We introduced legislation to require the Arkansas Department of Correction to collect data on its use of solitary confinement. The bill failed to pass, but as a concession, they now include some data on solitary confinement in their quarterly reporting.
We believe that education takes many forms. Out of that belief, we work to educate the general public through both academic means and artistic expression. Each of these efforts seek to elevate the voices of persons directly impacted by mass incarceration in Arkansas.
Barred II: True Stories of Incarceration
This year marked the second time decARcerate partnered with The Yarn, a local non-profit, to present Barred, a live storytelling event that seeks to share true stories of mass incarceration from a variety of perspectives. This year, formerly incarcerated storytellers were joined by lawyers and community advocates to bring their experiences to the stage.
Second Annual Conference
In September, we hosted the Second Annual DecARcerate Conference. In the spirit of TED Talks, eight speakers shared twenty minute presentations and participated in one of two question and answer sessions. Presenters including directly impacted persons, legal scholars and advocates covered a wide range of topics including the war on drugs, racial disparities, police raids, and the death penalty among others.
Despite acknowledging the need for reform, the Arkansas Department of Correction (ADC) recently built an additional 400 solitary confinement cells and continues to use the practice broadly, arbitrarily, and capriciously.
DecARcerate’s Campaign to End Solitary is demanding Arkansas eliminate extreme isolation and replace the practice with program-rich communities that support safe, healthy rehabilitation and reintegration into society.
We developed a long term vision and strategy for the campaign.
We partnered with Disability Rights Arkansas to begin compiling a report on the Arkansas Department of Correction's use of solitary confinement.
Campaign co-chairs attended the Unlock the Box convening in Washington D.C. to learn from and network with other states working to end solitary.
All across Arkansas, people are being confined in debtor’s prisons simply because they are too poor to pay fines, fees, or bail.
The system relies on the money collected from defendants to fund their operating budgets, creating massive conflicts of interest, and disproportionately affecting the poor and people of color.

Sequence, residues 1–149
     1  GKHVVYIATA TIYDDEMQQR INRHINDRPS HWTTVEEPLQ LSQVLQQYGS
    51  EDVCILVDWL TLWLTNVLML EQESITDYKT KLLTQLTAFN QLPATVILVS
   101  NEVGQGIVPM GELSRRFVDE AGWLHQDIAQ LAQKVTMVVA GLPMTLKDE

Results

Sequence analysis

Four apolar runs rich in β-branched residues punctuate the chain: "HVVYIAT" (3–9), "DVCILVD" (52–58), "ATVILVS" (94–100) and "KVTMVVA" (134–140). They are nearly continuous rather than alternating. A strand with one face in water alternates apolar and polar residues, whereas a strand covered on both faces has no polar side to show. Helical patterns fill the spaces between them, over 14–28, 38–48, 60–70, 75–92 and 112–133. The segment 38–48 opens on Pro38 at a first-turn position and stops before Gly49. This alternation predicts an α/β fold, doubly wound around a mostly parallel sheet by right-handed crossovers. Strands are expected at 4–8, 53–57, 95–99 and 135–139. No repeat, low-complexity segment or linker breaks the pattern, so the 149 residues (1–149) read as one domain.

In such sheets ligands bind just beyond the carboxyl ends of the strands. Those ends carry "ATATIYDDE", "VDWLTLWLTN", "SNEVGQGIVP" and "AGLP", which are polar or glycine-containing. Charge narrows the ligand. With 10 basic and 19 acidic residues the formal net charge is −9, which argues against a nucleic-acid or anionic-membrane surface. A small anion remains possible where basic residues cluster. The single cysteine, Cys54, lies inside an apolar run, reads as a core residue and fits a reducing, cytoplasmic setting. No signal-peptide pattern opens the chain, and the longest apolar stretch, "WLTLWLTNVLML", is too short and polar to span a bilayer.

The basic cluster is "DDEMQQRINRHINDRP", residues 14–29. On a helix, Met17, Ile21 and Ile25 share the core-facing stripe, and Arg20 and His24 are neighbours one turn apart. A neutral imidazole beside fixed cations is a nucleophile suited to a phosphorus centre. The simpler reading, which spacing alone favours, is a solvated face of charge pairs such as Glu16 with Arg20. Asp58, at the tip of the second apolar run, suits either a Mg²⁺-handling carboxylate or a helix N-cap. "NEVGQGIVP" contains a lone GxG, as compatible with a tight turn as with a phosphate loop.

DecARcerate’s Campaign to Curb Criminal Justice Debt is working to end these systemic injustices by stopping the often unbearable burden of fines, fees, and bail.
We developed a long term vision and strategy for the campaign.
We worked with the Lawyer's Committee for Civil Rights Under Law to issue Freedom of Information Act requests, resulting in a report on fines and fees in Arkansas.
We sent teams of lawyers, artists, and interviewers to observe in all eight Pulaski County District Courts for a future report.
“I support decARcreate because they act on issues that make things better for people who’ve been thrown away by society and most everyone else. They give hope to those who’ve only been seen for the things they’ve done wrong; instead of as people who’ve made mistakes but still have the potential to be some of the greatest you’ll ever meet. DecARcerate sees them as people who deserve the same rights and treatment as anyone else. And fight to make it possible.”
Laura Berry (Campaign to End Solitary Co-Chair, Formerly Incarcerated)
“Decarcerate is important to me for so many reasons. The prison industrial complex has put profits over people, and many times leaves individuals worse off than they were before incarceration. But Decarcerate works to improve outcomes for “I support decARcreate because they act on issues that make things better for people.”
Furonda Brasfield (Vice-President of the Board)
Foundation Grants …………….......................$16,000.00
One Time Contributions ……….…….……........$5,766.64
Monthly Donors …………….…….…….……………….$1,712.50
Events and Other Revenue ………….……......$5,690.79
Salaries and Payroll …..……………………....….$27,003.43
Event Costs ….……………………………………….….…$7,820.51
Programs …………………………......…………..……… $6,672.43
Contract Services ……..……..……………………..…$3,619.95
Facilities and Operations …..…………………....$3,251.30
DecARcerate works to end mass incarceration in Arkansas through community education, smart legislation, and community action.
PO Box 7708
Little Rock, AR 72217-7708